cavalrymen at that point. He had captured 50 home guards, officers and men, and 1 piece of artillery. The officers and men he paroled to remain within the limits of their township until they should be exchanged or released by authority derived from the United States Government. To-day a flag of truce was presented on the bank of the river by a bearer of dispatches from General Wilson, accompanied by Colonel Royston, C. S. Army, who was the commander of the post at Selma. The latter informed me that he had scarcely force sufficient for a police guard and that he had not meditated hostility toward my command, but intended to evacuate Selma before our arrival. He came with our bearer of dispatches under the promise that he should be allowed to return and depart with his command. We found a hospital at Cahawba containing twenty-three of our sick men. They had been very kindly treated, as had those also who were left at Selma by General Wilson. A gun-boat is being made ready to take the bearer of dispatches to you, who will explain the object of his missing and give all the information which he has obtained en route from Macon, Ga., to this place, &c. I desire that instructions may be sent me as soon as practicable in regard to the suspension of hostilities agreed upon by Sherman and Johnston. As General Wilson has anticipated us in almost every particular, I shall probably until further orders confine my operations to putting Montgomery in a state of defense, with reference to permanent occupation. General Wilson burned up all the coal in this vicinity, which has disappointed our calculations and rendered it almost impossible to supply the fleet with fuel, especially the gun-boats, which require coal. The bridge over the Cahawba was destroyed by the rebels. The railroad company had commenced to build another. I have directed them to suspend operations until further orders. It is supposed that General Taylor will ask for a suspension of hostilities. I inclose dispatch just received from General Taylor by Colonel Royston, late commandant of this post.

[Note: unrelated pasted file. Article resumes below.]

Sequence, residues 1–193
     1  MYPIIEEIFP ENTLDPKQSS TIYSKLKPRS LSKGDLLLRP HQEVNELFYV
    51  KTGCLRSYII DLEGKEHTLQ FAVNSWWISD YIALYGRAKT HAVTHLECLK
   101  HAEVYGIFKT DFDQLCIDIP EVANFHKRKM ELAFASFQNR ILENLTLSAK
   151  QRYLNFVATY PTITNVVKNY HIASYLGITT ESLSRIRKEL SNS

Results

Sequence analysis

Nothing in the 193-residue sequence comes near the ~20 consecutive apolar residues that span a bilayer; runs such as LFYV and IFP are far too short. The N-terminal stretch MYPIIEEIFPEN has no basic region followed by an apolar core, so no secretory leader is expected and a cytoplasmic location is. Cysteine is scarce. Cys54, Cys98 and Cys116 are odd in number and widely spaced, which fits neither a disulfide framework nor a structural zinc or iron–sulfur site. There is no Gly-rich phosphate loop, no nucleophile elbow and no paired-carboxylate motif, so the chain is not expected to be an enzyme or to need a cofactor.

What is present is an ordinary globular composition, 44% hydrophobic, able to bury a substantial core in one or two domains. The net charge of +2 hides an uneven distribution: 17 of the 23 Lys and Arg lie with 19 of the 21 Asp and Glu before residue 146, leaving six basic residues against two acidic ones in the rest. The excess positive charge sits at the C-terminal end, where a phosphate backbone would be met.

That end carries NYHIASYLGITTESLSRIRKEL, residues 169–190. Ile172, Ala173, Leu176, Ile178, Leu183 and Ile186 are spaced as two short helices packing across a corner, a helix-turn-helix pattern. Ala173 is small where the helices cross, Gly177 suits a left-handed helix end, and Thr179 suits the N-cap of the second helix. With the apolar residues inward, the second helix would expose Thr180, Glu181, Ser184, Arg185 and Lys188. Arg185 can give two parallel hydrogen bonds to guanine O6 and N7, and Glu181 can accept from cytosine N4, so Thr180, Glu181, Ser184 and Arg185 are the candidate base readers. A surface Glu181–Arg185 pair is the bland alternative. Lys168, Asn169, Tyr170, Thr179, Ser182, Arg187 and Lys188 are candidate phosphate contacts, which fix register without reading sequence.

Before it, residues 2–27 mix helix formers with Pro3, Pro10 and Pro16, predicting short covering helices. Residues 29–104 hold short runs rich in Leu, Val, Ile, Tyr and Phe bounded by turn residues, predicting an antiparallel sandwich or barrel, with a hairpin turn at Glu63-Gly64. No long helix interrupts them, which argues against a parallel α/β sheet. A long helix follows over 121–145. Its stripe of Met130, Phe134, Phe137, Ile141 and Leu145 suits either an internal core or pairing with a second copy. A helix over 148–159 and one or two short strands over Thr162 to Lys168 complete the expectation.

Very respectfully, colonel, your obedient servant,
MERIDIAN, April 27, 1865.
Colonel Y. L. ROYSTON,
Your telegram dated subsequent to your interview with General Steele is received. The dispatches from the east not yet reached here. The lieutenant-general commanding has, however, official information to the effect that an armistice with a view to a final settlement was agreed upon by Generals Johnston and Sherman on the 18th instant. He expects to make similar arrangements with General Canby, and is momentarily expecting a communication from that officer. Pending the present flag to General Canby he shall make no new disposition unless forced to do so by the enemy's movements. He had ordered the railroad above Selma to be rebuilt as soon as possible. He has no use for said road, but as a large and destitute population is dependent upon it for supplies, those repairs should be vigorously pushed to completion. The telegraph operator should, if possible, remain at Selma for the purpose of rapid communication and mutual convenience during the pending negotiations. You show this to Major General Steele, commanding U. S. forces, and obtain his views on these subjects.
By command of Lieutenant-General Taylor:
W. F. BULLOCK, JR.
32 R R-VOL XLIX, PT II